The most obvious change has been the decrease of links in the first page of search engine results from 10 to 7. Google claims that this only affects 20% of searches. What does this mean for SEO?
- It means that a #8-10 ranking no longer guarantees a first page result. An SEO can no longer use the "Top 10 Rank" sales pitch.
- It places more time to be spent on behalf of the SEO spot-checking rankings in the search engines (granted, it is a good idea to do this anyway).
- It places more pressure on the SEO to provide better quality of work for their clients to ensure that their web pages rank well (this is a good thing).
- It creates the need to keep your SEO employed (another good thing). SEO isn't just a "one and done" job. It takes time, effort, knowledge, effectiveness, etc. etc. etc.
The second change is related to exact-match domains with low rankings. This change is expected to initially affect less than 3% of websites in the US-English markets. The purpose of this change is to keep low-quality domains with query-matching names from appearing in SERPs.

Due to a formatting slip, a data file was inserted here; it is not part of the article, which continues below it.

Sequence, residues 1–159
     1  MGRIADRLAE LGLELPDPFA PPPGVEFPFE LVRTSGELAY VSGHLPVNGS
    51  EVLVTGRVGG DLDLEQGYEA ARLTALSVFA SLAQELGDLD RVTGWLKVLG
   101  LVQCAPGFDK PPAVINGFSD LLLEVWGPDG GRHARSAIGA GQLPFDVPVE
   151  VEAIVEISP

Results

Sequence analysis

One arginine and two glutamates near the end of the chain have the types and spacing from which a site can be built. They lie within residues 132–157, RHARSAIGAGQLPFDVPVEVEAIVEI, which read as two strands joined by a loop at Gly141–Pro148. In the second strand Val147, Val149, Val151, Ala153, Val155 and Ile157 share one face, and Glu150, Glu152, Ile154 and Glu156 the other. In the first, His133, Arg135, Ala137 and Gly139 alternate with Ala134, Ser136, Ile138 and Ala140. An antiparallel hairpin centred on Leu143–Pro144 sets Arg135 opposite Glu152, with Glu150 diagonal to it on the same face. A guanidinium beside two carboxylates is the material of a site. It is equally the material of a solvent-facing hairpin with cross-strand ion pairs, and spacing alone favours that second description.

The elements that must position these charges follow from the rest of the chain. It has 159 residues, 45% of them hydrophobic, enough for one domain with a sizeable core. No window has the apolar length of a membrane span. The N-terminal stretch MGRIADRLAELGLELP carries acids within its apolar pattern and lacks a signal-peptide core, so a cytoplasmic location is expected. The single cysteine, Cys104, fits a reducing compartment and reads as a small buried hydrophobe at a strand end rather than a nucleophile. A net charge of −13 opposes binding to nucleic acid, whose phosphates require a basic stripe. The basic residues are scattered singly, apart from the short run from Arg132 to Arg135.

You're shopping for widgets in San Antonio and you perform a search for "san antonio widgets." If a domain is www.sanantoniowidgets.com but does not rank well with Google, it should no longer appear just for the sake of domain name.
This is Google's effort to increase the relevancy of their search results. Just because the domain matches the search doesn't mean it will automatically appear on page 1. This may upset some of those people who invested a lot of money in buying a specific domain just for its name. This also tells us how much Google is really putting an emphasis on the importance of the site's content while driving away from the days when meta tag keywords played a huge role in site ranking.
Author: Michael Palmer